Story & Photography By Jennie Lay
Relax, Locavores. Après ski with genuine local flair has moved beyond microbrews. Booze is earning its mountain cred as craft distilleries are piling up across Colorado like snowflakes on a powder day.
Late this fall, a motley crew of local 40-somethings gathered around a raging bonfire to sample an array of spirits hailing from nine distilleries located in the state. Debating and taste-testing ran into the wee hours of the morning while our critical drinkers sought to distinguish the impacts of locally harvested ingredients and pure mountain springs.
Each bottle was sipped straight-up, then blended with various mixes to see what stood out. Comment cards, submitted blindly, grew a tad bit blearier as the evening wore on. In the end, here’s what our swarthy volunteers liked best.
Top honor goes to Stranahan’s Colorado Whiskey from Denver. The tasters decreed it “the best. A really good sipping whiskey. I would never mix a cocktail with it – that would probably be sacrilege.” Another admirer said, “It doesn’t even need an ice cube. Smooth and traditional. Straight up sippable.”
Colorado bourbons left everyone grinning. In fact, our diehard bourbon fans agreed they wouldn’t be remotely disappointed to receive any of these bottles in their Christmas stockings. Breckenridge Distillery’s Special Release Bourbon Whiskey was the favorite pick. They said, “killer with ginger ale. Best bourbon we’ve had in years,” and downright “sippable but mixable.” (Bourbon bonus: Steamboat’s own Daniela’s Chocolates and Sweets glazes the spicy Cowboy Pecans with Breckenridge bourbon too. They are delicious and addicting.)
Boulder Distillery’s 303 Whiskey, with a remarkable deep caramel color, got high marks for its “yummy smoke flavor” and being “very smooth, very oaky, good stuff.” Peach Street Distillers’ Colorado Straight Bourbon Whiskey from Palisade, gets a thumbs up for being “heavier on the palette in a good way,” due in no small part to being 92 proof, which is heavy on the alcohol compared to its contenders. Colorado Gold Distillery’s Straight Bourbon Whiskey from Cedaredge got high marks as a “soft sipping bourbon” that’s “smooth and oaky with nice charcoal.”
Believe it: They’re distilling rum in Crested Butte. And it rocks. Montanya Distillers makes Oro High Mountain Rum (gold) that is a tad bit sweeter and ideal for sipping or “solid in a dark and stormy.” Their Platano High Mountain Rum (silver) makes “a perfect mojito. Clean crisp, just the right bit of sweet.” Smooth flavors in both the Oro and Platano earned raves of “fantastic” and, “five stars. Very yummy, I would buy this.”
Mexico may have exclusive naming rights to “tequila,” but Palisade and Cedaredge have plunked Colorado on the must-try map for agave spirits. Peach Street Distillers’ dAgavé Gold and Colorado Gold Distillery’s Agave Spirits are, “sipping tequilas, not lime-chasing shooters.” They both use 100% blue agave from Mexico, and our tasters warn, “Don’t ruin them with sweet and sour.” Raving about the dAgavé, our admirers said, “Love it! Smooth baby! Five star,” “Smokey, sharp tequila,” and “Smooooooth. Real nice on ice!”
When you’re considering what logically might come out of the top of the watershed, cold clear vodka feels closest to home. Mix artisan spring water with honey from the eastern plains and you’ve got our slam-dunk favorite: Spring 44’s Honey Vodka from Loveland “looks different, smells different, is different. Just plain awesome.” This is what flavored vodka should taste like – not too much taste. Our unanimous fans complimented everything from the “essence of vanilla and almond,” to a “beautiful tinge of maple that smells like breakfast.” It has “just the right sweet and it smells amazing. Perfect on ice with a splash of soda. A great bottle to keep on hand in your freezer.”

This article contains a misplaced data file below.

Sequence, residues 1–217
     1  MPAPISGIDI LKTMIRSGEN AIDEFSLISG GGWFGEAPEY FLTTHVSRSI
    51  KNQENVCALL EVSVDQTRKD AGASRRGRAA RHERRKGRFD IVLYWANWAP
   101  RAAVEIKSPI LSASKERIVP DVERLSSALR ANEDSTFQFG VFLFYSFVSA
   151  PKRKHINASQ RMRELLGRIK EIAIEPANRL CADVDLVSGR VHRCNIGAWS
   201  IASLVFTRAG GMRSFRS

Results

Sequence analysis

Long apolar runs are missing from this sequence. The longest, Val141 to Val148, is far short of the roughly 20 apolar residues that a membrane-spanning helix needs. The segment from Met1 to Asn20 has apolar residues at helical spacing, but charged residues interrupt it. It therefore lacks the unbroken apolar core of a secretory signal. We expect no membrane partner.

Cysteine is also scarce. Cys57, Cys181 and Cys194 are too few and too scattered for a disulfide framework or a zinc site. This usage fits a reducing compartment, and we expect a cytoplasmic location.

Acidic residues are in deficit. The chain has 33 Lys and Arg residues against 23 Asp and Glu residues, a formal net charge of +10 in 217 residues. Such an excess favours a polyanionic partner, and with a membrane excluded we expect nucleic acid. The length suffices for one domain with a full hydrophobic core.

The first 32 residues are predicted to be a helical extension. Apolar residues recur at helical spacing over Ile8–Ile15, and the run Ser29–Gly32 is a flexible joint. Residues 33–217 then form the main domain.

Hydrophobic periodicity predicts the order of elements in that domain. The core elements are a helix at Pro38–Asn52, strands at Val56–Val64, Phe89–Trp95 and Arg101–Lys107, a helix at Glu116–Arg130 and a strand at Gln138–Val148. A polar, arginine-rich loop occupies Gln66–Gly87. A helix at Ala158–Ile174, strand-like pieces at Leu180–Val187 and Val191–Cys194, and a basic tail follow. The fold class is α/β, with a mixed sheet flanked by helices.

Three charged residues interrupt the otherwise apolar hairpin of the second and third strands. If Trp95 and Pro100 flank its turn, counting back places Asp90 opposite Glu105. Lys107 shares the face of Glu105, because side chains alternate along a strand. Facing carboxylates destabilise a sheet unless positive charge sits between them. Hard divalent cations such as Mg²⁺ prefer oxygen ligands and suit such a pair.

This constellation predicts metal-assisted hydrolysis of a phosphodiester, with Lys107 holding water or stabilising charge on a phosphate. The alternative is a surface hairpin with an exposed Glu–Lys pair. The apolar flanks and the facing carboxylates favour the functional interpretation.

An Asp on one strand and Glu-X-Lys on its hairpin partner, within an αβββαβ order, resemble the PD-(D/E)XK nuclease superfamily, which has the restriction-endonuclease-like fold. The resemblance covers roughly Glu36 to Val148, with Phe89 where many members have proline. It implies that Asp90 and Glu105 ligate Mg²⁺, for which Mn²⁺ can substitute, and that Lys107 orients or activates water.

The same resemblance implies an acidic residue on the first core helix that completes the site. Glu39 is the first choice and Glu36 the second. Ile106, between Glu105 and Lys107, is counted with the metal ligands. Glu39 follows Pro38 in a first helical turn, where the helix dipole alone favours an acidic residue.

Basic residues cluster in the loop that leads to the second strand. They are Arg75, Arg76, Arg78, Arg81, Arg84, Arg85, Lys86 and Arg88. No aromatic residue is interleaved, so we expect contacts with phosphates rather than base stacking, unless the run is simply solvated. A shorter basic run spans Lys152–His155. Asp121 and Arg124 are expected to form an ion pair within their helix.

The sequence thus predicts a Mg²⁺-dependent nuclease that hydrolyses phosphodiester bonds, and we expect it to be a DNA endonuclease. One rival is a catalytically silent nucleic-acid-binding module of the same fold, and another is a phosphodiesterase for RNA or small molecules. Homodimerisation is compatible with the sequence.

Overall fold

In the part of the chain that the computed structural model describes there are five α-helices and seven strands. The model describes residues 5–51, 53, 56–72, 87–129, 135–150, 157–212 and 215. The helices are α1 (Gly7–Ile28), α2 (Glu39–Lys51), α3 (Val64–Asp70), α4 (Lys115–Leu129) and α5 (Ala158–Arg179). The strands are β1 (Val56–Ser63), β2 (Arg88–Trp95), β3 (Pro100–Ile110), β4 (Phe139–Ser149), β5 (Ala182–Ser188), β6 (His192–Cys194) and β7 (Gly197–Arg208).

Venturing out of the “flavored” realm, Spring 44’s straight vodka got high marks for its “signature spice and nice tang. This is a Bloody Mary beauty.” Boulder Distillery’s 303 Vodka made with Colorado potatoes gained admirers for touting its Colorado crop and a “yummy earthy sweetness.” Breckenridge Distillery’s vodka makes a “clean, crisp, really nice cocktail.”
Anyone who has ventured in the western part of our state knows juniper is in no short supply – nor is the variety of gin that’s being distilled here. Peach Street Distillers’ Jackelope Gin is the “smoothest. If you were going to have to sip gin, this would be it.” Still, we ultimately opted for mixes to enjoy this gin that was “a tiny bit sweet, smooth and tangy – perfect G&T for a winter bonfire. Five star. Yummy smooth. Had seconds.” Close contenders were the gins from Boulder’s Roundhouse Spirits and Spring 44.
Working our way through the Colorado harvest, we came upon the corn whiskeys. The crew decreed these bottles have a more limited appreciation – corn whiskey just smelled and tasted different to the uninitiated. Colorado Gold Distillery’s Colorado’s Own Corn Whiskey has “a light color and evaporates quickly off the palette.” Black Canyon Distillery’s Colorado Sour Mash Corn Whiskey from Longmont offers up a stiff drink, preferably with Coke.
After dinner, Roundhouse Spirits’ Corretto coffee liqueur is “so light and yummy on ice. No need for cream, but it would make an awesome white Russian.” For something lighter, Peach Street Distillers Jack and Jenny Eau-de-vie Pear Brandy “smells so nice! It’s a nice sipper with your sweet dessert.” And their Peach Brandy, “smells like peach cobbler,” and “tasted great in a hot toddy garnished with nutmeg.”
Savor these spirits like fine wines. They’re worthy top-shelf purchases – ideal bottles for under the tree this season (or special occasions like your BFF’s birthday, all year long).
The taste-testing crew agreed unanimously that many of these small batch spirits will blow away the mass produced bottles you’ve long imbibed.